London

Baby Peter clinic 'did not heed doctors' concerns'

Baby Peter Connelly
Image caption Baby Peter was seen at St Ann's two days before his death

A doctor who worked at the north London clinic where Baby Peter was seen days before his death said managers failed to heed his concerns.

Dr Sethu Wariyar worked at St Anne's clinic in Tottenham, for Great Ormond Street Hospital (Gosh) in 2006. He left six months before Baby Peter's death.

He told BBC London that consultants were told by managers at the clinic to stop filing written complaints.

A statement from Gosh said the concerns of consultants were taken seriously.

Dr Wariyar was one of the four consultants at the clinic who complained in writing to Gosh and their partners Haringey Primary Care Trust.

He is the second doctor to accuse the hospital of failing 17-month-old Peter Connelly who died on 3 August 2007 at his home in Haringey. He had more than 50 injuries, including fractured ribs and a broken back.

Earlier Dr Kim Holt, a senior consultant paediatrician, had warned about the way the clinic was run in 2006.

'Waiting to happen'

Dr Wariyar, who now works in Newcastle, said he had felt isolated and under pressure, carrying out medicals on vulnerable children.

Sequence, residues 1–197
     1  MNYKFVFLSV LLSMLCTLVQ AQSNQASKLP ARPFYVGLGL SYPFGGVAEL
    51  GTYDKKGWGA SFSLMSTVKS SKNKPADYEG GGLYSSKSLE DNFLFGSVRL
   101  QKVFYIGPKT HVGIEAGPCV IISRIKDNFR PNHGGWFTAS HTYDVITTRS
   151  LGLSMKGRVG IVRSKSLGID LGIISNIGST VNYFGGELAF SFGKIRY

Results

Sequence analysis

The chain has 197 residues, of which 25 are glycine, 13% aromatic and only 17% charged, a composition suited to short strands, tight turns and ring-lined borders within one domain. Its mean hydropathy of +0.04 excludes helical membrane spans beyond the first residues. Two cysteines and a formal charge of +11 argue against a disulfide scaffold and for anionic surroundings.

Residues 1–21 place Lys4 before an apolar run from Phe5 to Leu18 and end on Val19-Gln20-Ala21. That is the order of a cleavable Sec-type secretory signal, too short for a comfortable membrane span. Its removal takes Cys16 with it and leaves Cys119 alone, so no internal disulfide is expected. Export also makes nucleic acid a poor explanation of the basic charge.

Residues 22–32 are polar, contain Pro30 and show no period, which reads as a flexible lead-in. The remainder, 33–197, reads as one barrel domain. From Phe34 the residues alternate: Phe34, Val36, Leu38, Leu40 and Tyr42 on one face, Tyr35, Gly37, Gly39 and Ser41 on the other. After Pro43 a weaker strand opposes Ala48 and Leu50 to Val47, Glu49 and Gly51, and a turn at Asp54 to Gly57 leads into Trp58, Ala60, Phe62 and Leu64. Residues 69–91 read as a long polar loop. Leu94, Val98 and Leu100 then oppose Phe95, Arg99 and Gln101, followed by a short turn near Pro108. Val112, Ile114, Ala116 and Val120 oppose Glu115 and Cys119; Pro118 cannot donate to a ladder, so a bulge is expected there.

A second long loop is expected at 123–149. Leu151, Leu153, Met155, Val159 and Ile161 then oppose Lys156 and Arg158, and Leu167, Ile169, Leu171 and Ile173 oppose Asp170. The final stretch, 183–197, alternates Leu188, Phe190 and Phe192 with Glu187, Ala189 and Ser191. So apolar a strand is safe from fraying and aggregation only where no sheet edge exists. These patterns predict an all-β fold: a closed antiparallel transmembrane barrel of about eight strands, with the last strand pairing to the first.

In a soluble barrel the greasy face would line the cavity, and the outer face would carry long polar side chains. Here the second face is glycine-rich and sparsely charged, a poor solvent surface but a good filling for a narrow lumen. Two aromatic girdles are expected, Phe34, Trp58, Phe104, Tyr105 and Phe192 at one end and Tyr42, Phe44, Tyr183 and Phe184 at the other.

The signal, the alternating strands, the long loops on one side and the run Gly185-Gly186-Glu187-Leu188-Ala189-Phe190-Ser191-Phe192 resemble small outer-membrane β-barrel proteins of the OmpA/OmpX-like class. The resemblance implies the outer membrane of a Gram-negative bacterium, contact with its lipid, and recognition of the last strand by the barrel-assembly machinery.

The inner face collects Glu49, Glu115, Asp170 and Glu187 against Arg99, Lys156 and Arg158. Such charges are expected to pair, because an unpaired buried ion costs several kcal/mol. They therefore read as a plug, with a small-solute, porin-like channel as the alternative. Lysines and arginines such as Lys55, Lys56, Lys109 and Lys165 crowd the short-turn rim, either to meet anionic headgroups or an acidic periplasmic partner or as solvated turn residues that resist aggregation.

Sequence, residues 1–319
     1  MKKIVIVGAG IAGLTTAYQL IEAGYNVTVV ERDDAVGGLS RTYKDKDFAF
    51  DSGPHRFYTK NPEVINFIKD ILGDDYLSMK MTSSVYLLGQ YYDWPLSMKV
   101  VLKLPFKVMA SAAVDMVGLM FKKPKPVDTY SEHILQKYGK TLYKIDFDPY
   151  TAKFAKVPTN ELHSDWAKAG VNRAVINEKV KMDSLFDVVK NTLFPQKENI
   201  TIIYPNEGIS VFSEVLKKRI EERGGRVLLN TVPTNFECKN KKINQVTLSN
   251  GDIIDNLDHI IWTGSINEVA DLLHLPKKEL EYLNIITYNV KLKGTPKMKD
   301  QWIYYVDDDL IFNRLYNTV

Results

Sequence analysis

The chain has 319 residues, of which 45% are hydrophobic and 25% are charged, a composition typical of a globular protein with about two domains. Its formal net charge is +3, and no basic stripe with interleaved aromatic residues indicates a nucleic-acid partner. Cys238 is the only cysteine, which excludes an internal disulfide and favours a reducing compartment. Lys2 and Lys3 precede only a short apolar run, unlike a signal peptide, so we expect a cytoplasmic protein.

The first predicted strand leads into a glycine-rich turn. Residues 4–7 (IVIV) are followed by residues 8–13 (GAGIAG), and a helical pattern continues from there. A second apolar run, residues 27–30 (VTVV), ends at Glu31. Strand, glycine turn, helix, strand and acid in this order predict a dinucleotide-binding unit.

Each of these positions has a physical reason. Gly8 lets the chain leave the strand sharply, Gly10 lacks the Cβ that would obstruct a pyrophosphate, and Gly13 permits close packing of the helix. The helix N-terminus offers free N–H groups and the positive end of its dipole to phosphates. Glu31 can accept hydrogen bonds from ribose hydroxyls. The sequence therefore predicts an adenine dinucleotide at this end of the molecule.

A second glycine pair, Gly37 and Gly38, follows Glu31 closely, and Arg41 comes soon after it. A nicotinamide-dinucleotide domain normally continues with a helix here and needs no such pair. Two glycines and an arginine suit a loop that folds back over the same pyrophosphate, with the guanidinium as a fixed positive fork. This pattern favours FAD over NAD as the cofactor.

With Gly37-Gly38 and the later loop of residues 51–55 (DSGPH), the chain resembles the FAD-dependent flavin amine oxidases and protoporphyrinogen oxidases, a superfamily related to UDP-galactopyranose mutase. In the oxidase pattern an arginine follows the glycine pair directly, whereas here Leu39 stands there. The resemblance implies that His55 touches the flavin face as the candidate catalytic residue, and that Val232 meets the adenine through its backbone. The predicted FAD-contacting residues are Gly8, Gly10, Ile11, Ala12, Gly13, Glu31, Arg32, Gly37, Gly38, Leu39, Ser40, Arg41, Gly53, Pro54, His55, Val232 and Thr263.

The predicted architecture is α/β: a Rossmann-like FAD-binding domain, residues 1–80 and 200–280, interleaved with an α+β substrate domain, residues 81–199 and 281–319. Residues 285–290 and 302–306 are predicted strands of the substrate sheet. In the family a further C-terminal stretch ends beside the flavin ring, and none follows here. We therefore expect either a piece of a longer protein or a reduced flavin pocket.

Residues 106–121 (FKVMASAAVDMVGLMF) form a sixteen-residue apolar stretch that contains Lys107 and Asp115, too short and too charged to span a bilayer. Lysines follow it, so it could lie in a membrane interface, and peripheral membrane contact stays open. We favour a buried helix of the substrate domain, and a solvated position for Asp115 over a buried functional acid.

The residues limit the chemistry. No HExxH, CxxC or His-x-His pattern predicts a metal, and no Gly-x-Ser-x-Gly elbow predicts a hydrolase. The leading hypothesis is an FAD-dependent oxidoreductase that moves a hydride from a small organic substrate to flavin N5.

"We did not have access to any of the previous notes. There's no IT networking with the local hospitals, so we don't know whether this child has been admitted a few years ago for broken bones or for some bruises elsewhere or has he been presented to A&E locally.

"We had raised concerns about this disaster that was waiting to happen, particularly in the background of this being the same place where many years before Victoria Climbie disaster had happened.

"I would have expected a more robust system," he added.

Dr Wariyar said he and the other consultants made written complaints to raise their concerns about the clinic but were "told not to fill in these forms" by managers and told "don't be so dramatic".

Dr Sabah Al-Zayyat, who replaced Dr Wariyar, examined Baby Peter and she allegedly missed his serious injuries including eight broken ribs.

He thinks the doctor, who is suspended, has been made a scapegoat.

"I was relieved to leave that job. Looking back, I thought I was perhaps lucky because it could have been me that would have gone through the same process and I might not have been supported by the managers or by anyone."

A statement from Gosh said: "The independent NHS London report in 2009 stated that when the four consultants raised their concerns in 2006, to the PCT managers and us, these were taken seriously.

"Dr Wariyar met privately with the chief executive of Gosh before his departure from the trust and never raised any of these continuing concerns with her."

The hospital added that clear improvements in the child protection service have been recognised by the health watchdog Care Quality Commission.

Baby Peter's mother, Tracey Connelly, 28, her partner Steven Barker, 33, and Barker's brother Jason Owen, 37, were all jailed for their part in his death. They were convicted of causing or allowing Peter's death.

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